It is not advisable to diet if you are breastfeeding, and certainly not to take medication and diet supplements. All medical advice is to keep to a healthy diet and keep your junk food and processed food intake to a minimum. Of course, everything you eat and drink will be passed onto your baby, so it is essential to eat well for both of you, and not to assume that burning off an extra 500 calories, gives you license to over eat.
To Diet or Not to Diet
Many health professionals urge that you forget about going on a strict diet to lose your baby weight. Instead following a healthy diet is the preferred option for weight and health. Make sure you get plenty of fruit and vegetables and fibre especially is important – healthy bowel movements will help with some of the common side effects of pregnancy such as haemorrhoids.
Avoid excessive cakes and pastries and if you are around the house a lot, make sure you have some healthy snacks stocked in. It is all too easy otherwise to eat fattening snacks as part of your new routine.
It can be hard to cope with life as a new mother because of the huge changes to life that a baby brings. You do not need to make it any harder by imposing a mad slimming regime on yourself and entering a period of self-denial. Just eat sensibly, follow a healthy eating plan, and be patient. You will soon lose that weight. If you want to speed things along a little, once you have finished breast feeding, a natural diet supplement that contains high levels of antioxidants may help increase your progress.
Drink Plenty of Water
Looking after a small baby is tiring and it is very easy to become dehydrated with all that running around. Drinking plenty of water and avoiding fattening fizzy drinks and sodas will help you keep the pounds off and keep you feeling fit and well.
Your urine should be the colour of pale straw. If you are breast feeding you will probably find it makes you thirsty so make sure that you always sit down with a glass of water at nursing time. Drinking water helps to fill you up and reduces your appetite for food.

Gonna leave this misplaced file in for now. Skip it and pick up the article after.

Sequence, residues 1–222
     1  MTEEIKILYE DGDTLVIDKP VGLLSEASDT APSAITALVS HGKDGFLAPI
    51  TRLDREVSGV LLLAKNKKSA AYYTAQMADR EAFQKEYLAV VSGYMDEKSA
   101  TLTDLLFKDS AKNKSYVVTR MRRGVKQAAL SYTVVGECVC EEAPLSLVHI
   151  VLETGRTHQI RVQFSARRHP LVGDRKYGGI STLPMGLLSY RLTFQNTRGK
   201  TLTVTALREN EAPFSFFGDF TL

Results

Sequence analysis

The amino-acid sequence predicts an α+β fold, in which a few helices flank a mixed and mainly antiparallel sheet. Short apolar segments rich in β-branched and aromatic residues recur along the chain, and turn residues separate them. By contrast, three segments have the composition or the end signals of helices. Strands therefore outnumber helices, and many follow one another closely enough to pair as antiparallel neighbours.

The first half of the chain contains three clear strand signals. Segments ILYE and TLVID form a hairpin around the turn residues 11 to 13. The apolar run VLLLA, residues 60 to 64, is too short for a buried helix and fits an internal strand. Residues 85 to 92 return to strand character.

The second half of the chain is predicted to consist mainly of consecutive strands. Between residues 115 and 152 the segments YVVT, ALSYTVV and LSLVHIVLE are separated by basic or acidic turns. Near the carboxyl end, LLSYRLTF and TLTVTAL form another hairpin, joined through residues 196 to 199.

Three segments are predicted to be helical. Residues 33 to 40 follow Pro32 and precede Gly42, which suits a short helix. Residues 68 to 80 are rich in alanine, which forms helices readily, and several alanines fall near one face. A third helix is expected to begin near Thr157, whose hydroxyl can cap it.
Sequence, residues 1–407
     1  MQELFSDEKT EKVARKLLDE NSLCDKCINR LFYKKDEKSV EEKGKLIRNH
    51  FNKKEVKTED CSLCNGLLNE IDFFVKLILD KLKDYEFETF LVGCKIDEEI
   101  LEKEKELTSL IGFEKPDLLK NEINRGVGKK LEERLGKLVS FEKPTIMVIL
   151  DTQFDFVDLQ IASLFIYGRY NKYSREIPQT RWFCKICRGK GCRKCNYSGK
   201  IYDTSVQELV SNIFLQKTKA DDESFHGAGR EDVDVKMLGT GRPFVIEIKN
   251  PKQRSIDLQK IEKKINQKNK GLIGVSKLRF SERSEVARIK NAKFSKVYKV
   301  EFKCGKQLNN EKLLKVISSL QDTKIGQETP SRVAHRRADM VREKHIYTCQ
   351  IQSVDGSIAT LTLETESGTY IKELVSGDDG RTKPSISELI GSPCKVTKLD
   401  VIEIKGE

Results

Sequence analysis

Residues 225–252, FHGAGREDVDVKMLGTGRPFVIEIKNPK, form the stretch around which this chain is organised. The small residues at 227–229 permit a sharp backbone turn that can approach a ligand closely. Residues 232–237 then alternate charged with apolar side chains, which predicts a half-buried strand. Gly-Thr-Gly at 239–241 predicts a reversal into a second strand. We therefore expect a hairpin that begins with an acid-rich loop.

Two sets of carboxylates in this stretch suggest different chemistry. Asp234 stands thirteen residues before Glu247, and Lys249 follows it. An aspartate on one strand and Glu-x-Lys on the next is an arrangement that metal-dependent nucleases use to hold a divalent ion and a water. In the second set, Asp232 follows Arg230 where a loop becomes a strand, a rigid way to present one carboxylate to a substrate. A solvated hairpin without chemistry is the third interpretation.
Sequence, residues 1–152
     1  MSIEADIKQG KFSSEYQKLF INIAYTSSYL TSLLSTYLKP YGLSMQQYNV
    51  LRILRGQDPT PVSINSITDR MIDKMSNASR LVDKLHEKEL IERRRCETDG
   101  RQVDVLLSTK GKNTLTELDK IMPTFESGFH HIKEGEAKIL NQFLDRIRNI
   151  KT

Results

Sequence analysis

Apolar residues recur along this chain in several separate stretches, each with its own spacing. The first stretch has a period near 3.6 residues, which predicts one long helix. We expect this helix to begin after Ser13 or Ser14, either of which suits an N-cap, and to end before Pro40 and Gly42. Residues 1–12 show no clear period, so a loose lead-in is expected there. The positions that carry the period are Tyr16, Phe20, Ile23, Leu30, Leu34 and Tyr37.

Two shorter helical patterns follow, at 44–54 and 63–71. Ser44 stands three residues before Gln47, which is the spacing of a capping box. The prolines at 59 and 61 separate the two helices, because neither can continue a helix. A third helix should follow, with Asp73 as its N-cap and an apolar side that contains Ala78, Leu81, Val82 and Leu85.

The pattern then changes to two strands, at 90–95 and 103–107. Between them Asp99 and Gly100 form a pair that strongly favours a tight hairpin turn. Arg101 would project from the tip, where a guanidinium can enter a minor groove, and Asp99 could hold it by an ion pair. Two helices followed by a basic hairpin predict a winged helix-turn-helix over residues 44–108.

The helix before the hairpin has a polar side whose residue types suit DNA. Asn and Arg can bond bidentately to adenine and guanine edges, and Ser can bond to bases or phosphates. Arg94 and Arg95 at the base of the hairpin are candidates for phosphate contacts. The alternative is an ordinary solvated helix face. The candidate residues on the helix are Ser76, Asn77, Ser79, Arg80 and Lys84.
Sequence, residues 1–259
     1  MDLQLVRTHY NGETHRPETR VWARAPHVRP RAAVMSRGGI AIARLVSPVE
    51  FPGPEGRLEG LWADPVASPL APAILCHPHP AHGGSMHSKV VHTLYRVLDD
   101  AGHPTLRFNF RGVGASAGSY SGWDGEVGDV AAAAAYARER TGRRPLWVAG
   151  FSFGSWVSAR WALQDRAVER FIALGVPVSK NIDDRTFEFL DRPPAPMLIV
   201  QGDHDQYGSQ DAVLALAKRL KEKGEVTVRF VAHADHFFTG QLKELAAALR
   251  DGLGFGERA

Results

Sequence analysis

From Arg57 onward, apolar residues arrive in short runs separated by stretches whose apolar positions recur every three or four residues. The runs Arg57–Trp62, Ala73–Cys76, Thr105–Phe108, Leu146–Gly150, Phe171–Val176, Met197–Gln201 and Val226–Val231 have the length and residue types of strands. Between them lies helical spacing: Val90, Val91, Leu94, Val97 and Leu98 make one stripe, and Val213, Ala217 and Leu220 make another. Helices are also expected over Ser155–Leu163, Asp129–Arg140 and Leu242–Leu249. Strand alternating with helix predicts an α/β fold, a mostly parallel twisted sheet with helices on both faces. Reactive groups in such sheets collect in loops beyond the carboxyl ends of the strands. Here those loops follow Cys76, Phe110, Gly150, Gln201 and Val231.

Exercise is very important and getting time away from the baby can be a good way to recharge your batteries and build up your fitness. Aerobics, swimming or exercises classes are good and if you like going to the gym, building up some sort of resistance strength will not only help you lose weight but build up your fitness levels too.
Some exercise clubs have a mother and baby facility so that you do not need to leave your baby, and these have the advantage of being excellent places for making friends. You may have been recently working in a full time job and it is easy to feel isolated at home with a new baby. The good news is that many other women feel exactly the same so attending exercise groups that cater to mothers of young babies is a great way of making local friends.
You do not have to attend classes to keep fit. Walking with the pushchair or pram is a great way of getting fit. Most women report doing more walking at this time in their lives, than any other period. Walking with the baby ensures that you both get some fresh air and you get some exercise and some peace as well.
Meeting with friends and walking with the strollers is an excellent way of doing some exercise and having a pleasant sociable time.
Fitting in exercise around your baby’s routine is a good way of keeping fit. Skipping or similar, that you can do in the odd 10 minutes when you have time, is a good way of building your energy levels and burning off calories.
Lose your Baby Weight Before you do it Again
If you are considering having another baby within a short time, it is essential that you lose your baby weight, before becoming pregnant again. Your body needs time to get back into shape, before you go through it all again.
It should be easy enough to lose your baby weight, but losing weight following two or more pregnancies will not be as easy to shift.
Remember if you are breast-feeding, you will probably not be having your periods. Breast-feeding prevents conception, up to a point and although is not a sure fire method of contraception, it does have an effect upon ability to conceive.
Don’t Worry – Be Happy!
An important thing to remember is that your baby will not stay a baby for very long, although it does not always feel like it at the time. Life is too short for making you miserable by trying to achieve an impossibly low weight in too short a period of time. If you feel you need a diet supplement, try an antioxidant rich natural product that will help you keep up your energy levels naturally and help you burn off fat.
However the important thing is to take your weight loss slowly and concentrate on eating healthily rather than starving yourself with an aggressive weight loss plan. That way you will find that you will soon fit back into your jeans without any hassle and be much happier into the bargain.